A girl who isn’t Katniss or Harry Potter, but a girl who can take on her world and be awesome about it.
The Lost Heir, Chapter One
Fire licked the walls and formed a canopy above her head. Numb. Trapped. Their screaming burned in her ears as the earth shook, and near-death coated her skin. The fire whipped around her, close but not touching, never touching. It was almost as if she wielded some sort of power over the flames, but that couldn’t be. She heard her mother and father’s screams over and over as they were engulfed by the blaze. She was helpless to save them. Suddenly, the screams stopped. Terror climbed into her throat as a shadow moved toward her. She tried to breathe but couldn’t. The room grew darker as her body weakened.
“Come on. I’ve got you,” the man said, as her knees buckled and she grabbed his shirt. “I’ve got you. You’re a light in this darkness. You’re safe.” The trembling in the ground stopped, but the fire continued.
Enveloped in a warmth different from the conflagration, eight-year-old Isabella Foxworthy collapsed. Cradled in the man’s arms, her terror melted into tranquility as she was taken from the house into the cool night. Her eyes opened to an oddly purple sky, and she noticed a light glowing around them, not unlike the vicious flames of the fire. Red deep as blood. An empty blackness filled the room. A foreboding fear encircled her heart. Then, her savior mumbled something, and the light turned to a silvery blue.
“Give her to me,” another man said.
“I can watch over her.”
“Give her to me,” he repeated. “She needs to be at the hotel with her grandmother.”
She felt a gentle caress on her cheek and a rush of coolness shoot through her body. “Then I’ll take her.”
Isabella reached up to touch the second man’s hand, but he was gone. “Where’s my mother?”
“Hush. I’ll take you to your Nano,” said the one who held her, the one who’d saved her.
Then, as the violet sky turned blue again and as the approaching fire engines howled in her ears, the man carried her up the narrow road to the Foxworthy Hotel.
Los Angeles, CA – Present Day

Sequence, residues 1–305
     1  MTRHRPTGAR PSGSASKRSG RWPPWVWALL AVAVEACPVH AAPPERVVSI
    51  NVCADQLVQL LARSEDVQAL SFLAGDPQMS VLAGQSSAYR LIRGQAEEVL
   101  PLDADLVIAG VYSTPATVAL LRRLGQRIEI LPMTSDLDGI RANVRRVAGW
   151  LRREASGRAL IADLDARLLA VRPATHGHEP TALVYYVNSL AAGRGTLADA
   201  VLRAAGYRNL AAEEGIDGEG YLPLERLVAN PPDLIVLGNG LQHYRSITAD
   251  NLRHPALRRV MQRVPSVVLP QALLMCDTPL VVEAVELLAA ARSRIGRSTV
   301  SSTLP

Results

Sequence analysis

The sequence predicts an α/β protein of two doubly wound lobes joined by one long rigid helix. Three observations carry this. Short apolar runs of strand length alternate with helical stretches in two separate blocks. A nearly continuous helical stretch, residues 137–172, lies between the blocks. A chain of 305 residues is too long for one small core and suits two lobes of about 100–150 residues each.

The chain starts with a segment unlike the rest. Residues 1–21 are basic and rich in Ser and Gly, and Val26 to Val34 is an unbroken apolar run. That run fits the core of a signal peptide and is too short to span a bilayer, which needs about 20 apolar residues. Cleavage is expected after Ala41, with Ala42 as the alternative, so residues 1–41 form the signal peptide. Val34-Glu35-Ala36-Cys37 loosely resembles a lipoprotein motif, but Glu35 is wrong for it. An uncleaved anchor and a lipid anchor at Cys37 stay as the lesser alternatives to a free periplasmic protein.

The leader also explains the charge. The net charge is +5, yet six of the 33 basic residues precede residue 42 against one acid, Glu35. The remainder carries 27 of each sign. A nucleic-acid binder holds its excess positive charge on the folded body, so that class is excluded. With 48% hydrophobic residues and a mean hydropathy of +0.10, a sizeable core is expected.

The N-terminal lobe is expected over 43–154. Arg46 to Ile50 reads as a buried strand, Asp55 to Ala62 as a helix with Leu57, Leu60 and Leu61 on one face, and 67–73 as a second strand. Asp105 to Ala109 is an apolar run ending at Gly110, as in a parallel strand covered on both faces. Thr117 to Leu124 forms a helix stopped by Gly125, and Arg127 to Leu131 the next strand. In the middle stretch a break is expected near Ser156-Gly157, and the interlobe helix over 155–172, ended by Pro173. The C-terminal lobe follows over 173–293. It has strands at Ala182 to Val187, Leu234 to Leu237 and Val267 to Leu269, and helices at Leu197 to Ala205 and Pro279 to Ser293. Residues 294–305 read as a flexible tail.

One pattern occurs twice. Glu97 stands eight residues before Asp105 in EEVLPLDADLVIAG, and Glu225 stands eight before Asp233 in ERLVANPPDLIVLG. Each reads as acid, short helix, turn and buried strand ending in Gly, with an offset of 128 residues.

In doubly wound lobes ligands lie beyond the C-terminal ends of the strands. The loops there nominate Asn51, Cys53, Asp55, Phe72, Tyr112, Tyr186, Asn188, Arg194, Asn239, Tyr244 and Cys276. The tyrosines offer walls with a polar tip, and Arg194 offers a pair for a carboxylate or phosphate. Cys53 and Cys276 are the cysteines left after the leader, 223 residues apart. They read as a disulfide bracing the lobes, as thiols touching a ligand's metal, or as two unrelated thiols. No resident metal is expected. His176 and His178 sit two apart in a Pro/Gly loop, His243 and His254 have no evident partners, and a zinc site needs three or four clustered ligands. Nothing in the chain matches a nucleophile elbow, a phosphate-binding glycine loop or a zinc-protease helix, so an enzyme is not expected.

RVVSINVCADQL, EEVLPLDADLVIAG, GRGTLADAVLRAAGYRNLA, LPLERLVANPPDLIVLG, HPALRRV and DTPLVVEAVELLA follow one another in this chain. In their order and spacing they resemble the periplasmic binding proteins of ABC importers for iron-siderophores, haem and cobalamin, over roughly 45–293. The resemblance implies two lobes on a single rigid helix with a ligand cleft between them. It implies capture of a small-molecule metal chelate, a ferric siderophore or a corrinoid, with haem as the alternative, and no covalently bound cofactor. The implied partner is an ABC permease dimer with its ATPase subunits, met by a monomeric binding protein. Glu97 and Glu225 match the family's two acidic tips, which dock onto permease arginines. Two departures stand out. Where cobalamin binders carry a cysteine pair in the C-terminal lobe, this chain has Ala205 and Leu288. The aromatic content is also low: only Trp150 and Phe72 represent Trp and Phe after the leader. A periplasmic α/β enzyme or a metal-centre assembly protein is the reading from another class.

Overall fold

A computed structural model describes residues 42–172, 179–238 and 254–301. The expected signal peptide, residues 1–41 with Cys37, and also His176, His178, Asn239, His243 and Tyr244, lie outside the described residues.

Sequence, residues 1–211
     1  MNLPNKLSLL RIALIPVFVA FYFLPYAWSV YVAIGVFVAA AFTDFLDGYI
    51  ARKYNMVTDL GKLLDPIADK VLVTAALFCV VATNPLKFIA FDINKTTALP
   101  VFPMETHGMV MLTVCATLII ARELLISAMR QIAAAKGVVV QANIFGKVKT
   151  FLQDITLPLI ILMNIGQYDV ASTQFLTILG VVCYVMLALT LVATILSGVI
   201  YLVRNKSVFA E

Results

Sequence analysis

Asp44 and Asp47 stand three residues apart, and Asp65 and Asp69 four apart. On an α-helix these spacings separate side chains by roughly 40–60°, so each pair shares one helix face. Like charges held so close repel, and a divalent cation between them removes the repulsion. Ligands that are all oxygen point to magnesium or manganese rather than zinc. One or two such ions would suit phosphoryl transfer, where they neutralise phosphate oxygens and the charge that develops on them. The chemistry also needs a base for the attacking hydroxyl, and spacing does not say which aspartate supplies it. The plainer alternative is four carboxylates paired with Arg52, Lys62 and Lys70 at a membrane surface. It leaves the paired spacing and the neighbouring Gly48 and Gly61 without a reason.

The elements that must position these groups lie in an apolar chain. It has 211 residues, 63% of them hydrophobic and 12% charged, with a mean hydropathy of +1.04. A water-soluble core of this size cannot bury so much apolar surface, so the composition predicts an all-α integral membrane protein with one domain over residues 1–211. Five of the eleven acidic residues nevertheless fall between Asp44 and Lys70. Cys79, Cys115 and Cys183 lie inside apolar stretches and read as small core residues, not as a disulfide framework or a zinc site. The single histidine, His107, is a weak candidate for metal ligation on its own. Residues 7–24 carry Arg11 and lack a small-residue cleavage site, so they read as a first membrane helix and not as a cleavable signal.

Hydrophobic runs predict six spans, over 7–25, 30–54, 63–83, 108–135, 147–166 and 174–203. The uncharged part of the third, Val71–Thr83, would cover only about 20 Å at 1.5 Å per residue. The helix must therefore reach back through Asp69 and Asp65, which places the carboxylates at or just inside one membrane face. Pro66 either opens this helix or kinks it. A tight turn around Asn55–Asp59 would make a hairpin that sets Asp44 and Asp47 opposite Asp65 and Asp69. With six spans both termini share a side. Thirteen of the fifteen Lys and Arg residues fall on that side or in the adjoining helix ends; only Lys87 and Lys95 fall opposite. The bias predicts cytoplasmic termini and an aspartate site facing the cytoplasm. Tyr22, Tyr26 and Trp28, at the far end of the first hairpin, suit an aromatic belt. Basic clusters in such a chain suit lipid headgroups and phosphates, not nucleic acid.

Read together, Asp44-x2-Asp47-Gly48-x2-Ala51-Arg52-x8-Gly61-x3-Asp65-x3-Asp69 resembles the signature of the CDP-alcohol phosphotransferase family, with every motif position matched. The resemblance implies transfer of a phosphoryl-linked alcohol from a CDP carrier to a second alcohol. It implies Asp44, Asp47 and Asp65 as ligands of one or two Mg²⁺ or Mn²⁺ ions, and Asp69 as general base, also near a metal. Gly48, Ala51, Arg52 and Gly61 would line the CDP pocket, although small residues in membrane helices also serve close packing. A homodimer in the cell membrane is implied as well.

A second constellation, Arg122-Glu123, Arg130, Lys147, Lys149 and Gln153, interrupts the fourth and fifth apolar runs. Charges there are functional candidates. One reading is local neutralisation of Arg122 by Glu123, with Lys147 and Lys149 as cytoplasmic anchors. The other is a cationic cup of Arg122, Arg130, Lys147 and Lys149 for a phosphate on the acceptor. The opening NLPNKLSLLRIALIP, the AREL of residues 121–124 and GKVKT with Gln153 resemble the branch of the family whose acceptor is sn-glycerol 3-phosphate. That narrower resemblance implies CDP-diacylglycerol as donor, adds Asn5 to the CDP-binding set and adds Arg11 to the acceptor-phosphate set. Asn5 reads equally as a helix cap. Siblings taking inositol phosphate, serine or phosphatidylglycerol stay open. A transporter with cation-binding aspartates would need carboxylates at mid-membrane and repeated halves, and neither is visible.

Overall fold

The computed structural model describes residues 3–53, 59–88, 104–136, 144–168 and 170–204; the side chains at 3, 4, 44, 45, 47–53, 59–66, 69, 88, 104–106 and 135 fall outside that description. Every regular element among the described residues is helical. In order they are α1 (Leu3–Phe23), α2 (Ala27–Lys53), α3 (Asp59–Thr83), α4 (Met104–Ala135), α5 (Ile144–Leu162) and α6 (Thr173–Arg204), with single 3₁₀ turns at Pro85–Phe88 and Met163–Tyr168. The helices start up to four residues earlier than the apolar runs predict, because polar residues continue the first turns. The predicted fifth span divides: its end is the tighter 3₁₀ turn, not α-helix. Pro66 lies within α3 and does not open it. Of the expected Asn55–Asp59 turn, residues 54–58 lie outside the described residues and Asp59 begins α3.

As sunlight and darkness fought for occupation in the sky, nearly-sixteen-year-old Isabella clutched her backpack as she approached Sunset Boulevard en route to the city bus stop a few blocks down the famous street. Classes at St. Agnes High School had gotten out an hour earlier that day, but she’d stayed behind with a couple other girls to work out with their capoeira instructor. She was shocked when she’d learned St. Agnes offered it as an after-school activity. Brazilian martial arts didn’t really go with the strict traditionalism of St. Agnes. Carte Blanche, the school she’d gotten thrown out of last year for something that wasn’t her fault, would have offered capoeira as standard physical education, however, along with extreme dodgeball and competitive hula hooping. Their motto: Unschool the schoolchildren and the world will be in harmony. Honestly, Isabella just wanted to go to a normal school for once, have a normal family. But she didn’t have either. In fact, all she had was her grandmother who, half the time, wanted Isabella out of the way and the other half of the time wanted her locked up in their family hotel and homeschooled until she finished college.
Isabella shifted her eyes down to her smart phone. 3:52. Perfect. Eight minutes until the bus got there. She could make it to the stop in less than five if she walked fast. She loved the stability of the city bus system. Always coming and going on time. Well, at least in theory. Even if the afternoon bus was late, she could always count on it coming eventually. And if she missed it, another one would come along soon. It took care of her and other people, no matter who they were. It, in an odd way, allowed her to wobble on the wings of independence before she was ready to fly off on her own. She was glad her grandmother had let her ride it this year. 3:53. She didn’t want to be late, though. Not today.
Two voices filled her ears as she got closer to her destination. One like the roar of a lion, the other—a baboon, maybe? Against her better judgment, she continued down the street, past a hippie clothing store and Mel’s Drive-In restaurant. 3:54.
“Stop it!” A third voice protruded with sheer fright. It seemed to come from a young boy; his pleas punched fear straight into her chest and invaded her senses.
“Please? Please, leave me alone!” the young boy continued to plead. She could feel his fear.
Her heart squeezed as she heard another shout of, “Stop!”
She had wanted to make it home in time for Betty’s corn ‘n’ crab chowder. The cook was leaving for the Christmas holidays after her shift ended at five, and Isabella wanted one last cup. So hot, so creamy. No, that was selfish, right? Other things were more important than her stomach. It growled. But maybe it didn’t have to be her. Maybe a cop would come by.